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What is Hydroponics?

Hydroponics is growing plants without soil. The roots are grown in a nutrient solution that is dissolved in water. While hydroponics may be new to you, it has been used to grow plants throughout history. It was not formally called hydroponics until 1940 when William F. Gericke adopted the word from the Greek. Gericke was one of the first to grow plants in what he called “litter” where the plants were suspended above a tank of water containing a nutrient solution.

Hydroponic growing is an extremely efficient way to provide your plants with the food and water they need, when they need it, in the amounts they need which allows the plants to be as healthy as possible. Since the nutrients are dissolved in water, your plants expend very little energy taking nutrients up through their roots. The energy the plants save by taking nutrients up through their roots allows them to focus their energy on producing fruits and flowers. This allows the plants to grow faster and be ready to harvest sooner. 

If you want to see the hydroponic difference for yourself, grow two genetically identical plants, one in soil and one with hydroponics. You will see the difference in the two plants almost immediately.

Now that you know what hydroponics is, let’s briefly go over the different hydroponic growing techniques:   

  • Nutrient Film Technique (NFT) is where a continuous flow of the nutrient solution runs over the plant roots. This setup is done on a slight tilt so gravity can aid the flow of the nutrient solution. The reason NFT systems works so well is that the plant roots are able to absorb more oxygen from the air than from the nutrient solution. The more oxygen the plant gets the faster the plant will grow.

  • Wicking is one of the cheapest and easiest ways to grow hydroponically. Wicking works by using a material, such as cotton, that is surrounded by some sort of growing medium. One end of the wicking material is then placed in the nutrient solution and the solution gets “wicked” to the roots. You can also use the wicking technique without the wicking material. In that case, you would just use a medium that is able to wick the nutrients to the roots. You would do that by suspending the bottom of the growing medium directly in the nutrient solution. If you decide you forego the wicking material you need to be careful with the grow medium you choose because some of them may absorb too much of the nutrient solution and suffocate your plant. We suggest using vermiculite or perlite in this case.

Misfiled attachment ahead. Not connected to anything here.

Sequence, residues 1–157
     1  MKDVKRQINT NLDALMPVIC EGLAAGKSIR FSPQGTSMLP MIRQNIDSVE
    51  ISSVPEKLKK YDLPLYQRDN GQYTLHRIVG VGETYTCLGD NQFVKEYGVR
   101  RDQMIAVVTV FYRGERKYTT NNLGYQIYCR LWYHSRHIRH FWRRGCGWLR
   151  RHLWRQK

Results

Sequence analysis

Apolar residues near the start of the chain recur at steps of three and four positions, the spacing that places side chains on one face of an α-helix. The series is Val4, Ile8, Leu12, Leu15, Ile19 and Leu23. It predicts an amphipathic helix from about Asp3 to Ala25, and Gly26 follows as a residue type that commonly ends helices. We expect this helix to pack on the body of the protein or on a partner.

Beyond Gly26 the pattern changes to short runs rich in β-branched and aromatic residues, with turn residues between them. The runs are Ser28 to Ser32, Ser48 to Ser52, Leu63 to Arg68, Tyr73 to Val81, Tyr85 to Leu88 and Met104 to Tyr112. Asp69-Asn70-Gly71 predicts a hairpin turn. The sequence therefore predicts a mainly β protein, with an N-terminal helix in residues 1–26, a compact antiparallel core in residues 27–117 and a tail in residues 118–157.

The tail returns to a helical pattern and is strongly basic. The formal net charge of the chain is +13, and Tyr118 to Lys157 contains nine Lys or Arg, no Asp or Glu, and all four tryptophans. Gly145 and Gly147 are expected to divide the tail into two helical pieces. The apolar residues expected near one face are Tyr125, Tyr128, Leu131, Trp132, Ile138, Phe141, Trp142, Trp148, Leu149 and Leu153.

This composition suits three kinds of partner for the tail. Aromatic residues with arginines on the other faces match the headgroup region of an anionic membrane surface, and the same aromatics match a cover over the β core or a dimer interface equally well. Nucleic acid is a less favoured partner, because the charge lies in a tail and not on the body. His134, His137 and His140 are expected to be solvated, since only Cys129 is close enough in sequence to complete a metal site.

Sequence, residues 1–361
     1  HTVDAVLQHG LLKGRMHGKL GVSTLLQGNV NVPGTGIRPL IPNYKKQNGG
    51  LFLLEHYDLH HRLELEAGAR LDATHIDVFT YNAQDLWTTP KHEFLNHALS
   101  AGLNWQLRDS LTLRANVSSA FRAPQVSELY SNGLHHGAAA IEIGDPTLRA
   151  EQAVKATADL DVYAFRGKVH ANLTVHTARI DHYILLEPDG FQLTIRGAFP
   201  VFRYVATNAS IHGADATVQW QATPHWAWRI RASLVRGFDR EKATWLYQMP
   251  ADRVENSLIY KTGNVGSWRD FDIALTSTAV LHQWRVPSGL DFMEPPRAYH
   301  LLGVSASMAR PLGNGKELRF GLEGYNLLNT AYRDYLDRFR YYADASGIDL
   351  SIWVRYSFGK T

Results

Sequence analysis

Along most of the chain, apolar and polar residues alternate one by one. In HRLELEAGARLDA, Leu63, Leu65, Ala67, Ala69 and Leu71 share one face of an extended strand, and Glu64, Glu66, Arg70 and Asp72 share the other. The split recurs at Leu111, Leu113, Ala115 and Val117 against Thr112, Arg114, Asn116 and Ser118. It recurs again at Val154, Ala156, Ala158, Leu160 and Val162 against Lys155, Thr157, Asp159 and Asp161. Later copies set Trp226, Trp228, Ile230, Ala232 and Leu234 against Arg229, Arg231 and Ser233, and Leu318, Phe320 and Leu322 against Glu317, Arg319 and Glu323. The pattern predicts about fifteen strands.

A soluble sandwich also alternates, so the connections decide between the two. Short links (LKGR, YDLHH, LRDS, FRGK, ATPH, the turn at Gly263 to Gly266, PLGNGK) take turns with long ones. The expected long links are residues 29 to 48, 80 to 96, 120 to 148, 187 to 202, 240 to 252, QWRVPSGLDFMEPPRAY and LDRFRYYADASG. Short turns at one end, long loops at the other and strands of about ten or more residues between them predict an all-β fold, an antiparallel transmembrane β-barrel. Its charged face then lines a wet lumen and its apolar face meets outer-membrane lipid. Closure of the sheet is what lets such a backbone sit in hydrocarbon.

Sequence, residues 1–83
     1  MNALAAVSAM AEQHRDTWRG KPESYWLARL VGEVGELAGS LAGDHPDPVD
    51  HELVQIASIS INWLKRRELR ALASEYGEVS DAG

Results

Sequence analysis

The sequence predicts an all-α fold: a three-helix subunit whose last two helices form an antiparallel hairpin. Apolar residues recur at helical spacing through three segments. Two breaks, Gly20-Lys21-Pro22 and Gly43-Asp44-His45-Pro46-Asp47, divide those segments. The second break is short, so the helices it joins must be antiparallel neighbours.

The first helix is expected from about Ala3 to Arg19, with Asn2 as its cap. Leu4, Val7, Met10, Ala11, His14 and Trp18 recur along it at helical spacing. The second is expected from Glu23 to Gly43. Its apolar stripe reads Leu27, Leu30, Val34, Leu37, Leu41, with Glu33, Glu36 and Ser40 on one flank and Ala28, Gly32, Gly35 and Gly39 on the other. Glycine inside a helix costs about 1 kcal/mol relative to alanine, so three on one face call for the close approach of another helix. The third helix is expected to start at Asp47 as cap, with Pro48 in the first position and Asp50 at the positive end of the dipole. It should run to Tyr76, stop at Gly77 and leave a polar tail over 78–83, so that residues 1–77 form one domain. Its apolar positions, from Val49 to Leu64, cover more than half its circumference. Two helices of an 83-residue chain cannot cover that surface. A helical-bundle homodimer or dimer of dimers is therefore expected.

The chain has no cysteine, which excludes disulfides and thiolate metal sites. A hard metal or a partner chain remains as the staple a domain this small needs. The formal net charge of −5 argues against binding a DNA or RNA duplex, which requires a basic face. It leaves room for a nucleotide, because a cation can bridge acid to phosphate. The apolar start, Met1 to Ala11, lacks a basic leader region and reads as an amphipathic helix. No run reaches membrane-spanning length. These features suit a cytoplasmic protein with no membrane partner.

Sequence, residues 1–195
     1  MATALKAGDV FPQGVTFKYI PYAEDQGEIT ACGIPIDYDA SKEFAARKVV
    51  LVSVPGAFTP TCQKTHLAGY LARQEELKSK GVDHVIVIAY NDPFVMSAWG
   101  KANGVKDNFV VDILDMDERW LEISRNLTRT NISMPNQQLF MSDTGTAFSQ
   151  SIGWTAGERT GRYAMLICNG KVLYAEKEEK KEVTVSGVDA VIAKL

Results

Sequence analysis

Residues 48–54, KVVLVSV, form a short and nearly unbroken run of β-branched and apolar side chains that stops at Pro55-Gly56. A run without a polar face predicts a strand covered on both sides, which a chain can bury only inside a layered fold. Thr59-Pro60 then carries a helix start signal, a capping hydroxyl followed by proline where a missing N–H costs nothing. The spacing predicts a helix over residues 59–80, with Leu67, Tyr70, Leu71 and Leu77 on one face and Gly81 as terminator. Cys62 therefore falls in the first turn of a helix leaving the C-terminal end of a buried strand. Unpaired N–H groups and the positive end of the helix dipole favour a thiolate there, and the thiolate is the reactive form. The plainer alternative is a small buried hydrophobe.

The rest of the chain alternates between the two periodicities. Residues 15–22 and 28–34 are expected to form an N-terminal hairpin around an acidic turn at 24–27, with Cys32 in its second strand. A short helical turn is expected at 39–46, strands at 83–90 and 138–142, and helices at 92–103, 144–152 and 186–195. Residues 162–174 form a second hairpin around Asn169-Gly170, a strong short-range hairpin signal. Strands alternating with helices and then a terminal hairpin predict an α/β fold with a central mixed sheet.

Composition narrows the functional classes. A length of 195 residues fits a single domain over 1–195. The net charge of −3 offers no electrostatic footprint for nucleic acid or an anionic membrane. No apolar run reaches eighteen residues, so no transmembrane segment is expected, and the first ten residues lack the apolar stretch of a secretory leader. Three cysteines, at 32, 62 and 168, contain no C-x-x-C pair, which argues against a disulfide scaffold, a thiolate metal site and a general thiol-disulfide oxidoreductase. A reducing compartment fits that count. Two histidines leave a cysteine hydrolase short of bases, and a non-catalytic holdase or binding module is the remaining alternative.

• Ebb and Flow, also known as Flood and Drain, is great for plants that are acclimated to periods of dryness because the root system grows larger as it searches for moisture. As the roots grow larger the plant will grow faster because it can absorb more nutrients. This system works by flooding the grow area with the nutrient solution at scheduled intervals and slowly draining it back to the reservoir. A pump is hooked up to a timer so your plants receive the appropriate amount of nutrients based upon the schedule you have set up.

  • Deep Water Culture (DWC) is also referred to as the reservoir method and it is definitely the easiest hydroponic method. DWC works especially well when growing organically because organic nutrients have a tendency to clog drip and spray emitters, which are not used in DWC growing. Deep Water Culture suspends the roots in the nutrient solution. There is also an air pump or air stone in the solution to provide oxygen to your plants. It is important that your reservoir be opaque to prevent algae from growing.

  • The Drip System is very simple. It works by providing a slow feed of the nutrient solution directly to the growing medium, such as Rockwool, Coconut Coir, or Peat Moss. If you decide to go with a Drip System you’ll want to be sure you use a slow draining medium, like one of the ones mentioned above. The one downside to a drip system is the drip emitters have a tendency to get clogged by the particles from the nutrients.

  • Aeroponics is where the roots are misted with a nutrient solution while being suspended in the air. There are two main ways to get nutrients to the exposed roots. The first is by using a pond fogger. The second way is by using a fine spray nozzle to mist the roots.

Check back to learn more about hydroponic growing.

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